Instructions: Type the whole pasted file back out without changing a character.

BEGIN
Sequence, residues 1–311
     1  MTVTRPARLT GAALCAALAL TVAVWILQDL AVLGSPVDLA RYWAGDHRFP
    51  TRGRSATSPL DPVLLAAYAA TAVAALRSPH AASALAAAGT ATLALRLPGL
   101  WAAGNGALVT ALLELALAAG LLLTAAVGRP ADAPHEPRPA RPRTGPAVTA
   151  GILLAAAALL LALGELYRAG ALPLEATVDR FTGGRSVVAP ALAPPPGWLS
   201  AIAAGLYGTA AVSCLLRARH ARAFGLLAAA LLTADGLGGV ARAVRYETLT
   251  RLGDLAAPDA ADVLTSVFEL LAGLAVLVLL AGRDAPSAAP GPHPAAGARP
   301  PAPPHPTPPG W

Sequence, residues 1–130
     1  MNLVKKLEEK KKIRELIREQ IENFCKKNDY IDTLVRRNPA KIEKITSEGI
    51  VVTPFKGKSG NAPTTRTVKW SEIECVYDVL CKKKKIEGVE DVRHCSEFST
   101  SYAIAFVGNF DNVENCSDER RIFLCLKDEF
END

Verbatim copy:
Sequence, residues 1–311
     1  MTVTRPARLT GAALCAALAL TVAVWILQDL AVLGSPVDLA RYWAGDHRFP
    51  TRGRSATSPL DPVLLAAYAA TAVAALRSPH AASALAAAGT ATLALRLPGL
   101  WAAGNGALVT ALLELALAAG LLLTAAVGRP ADAPHEPRPA RPRTGPAVTA
   151  GILLAAAALL LALGELYRAG ALPLEATVDR FTGGRSVVAP ALAPPPGWLS
   201  AIAAGLYGTA AVSCLLRARH ARAFGLLAAA LLTADGLGGV ARAVRYETLT
   251  RLGDLAAPDA ADVLTSVFEL LAGLAVLVLL AGRDAPSAAP GPHPAAGARP
   301  PAPPHPTPPG W

Sequence, residues 1–130
     1  MNLVKKLEEK KKIRELIREQ IENFCKKNDY IDTLVRRNPA KIEKITSEGI
    51  VVTPFKGKSG NAPTTRTVKW SEIECVYDVL CKKKKIEGVE DVRHCSEFST
   101  SYAIAFVGNF DNVENCSDER RIFLCLKDEF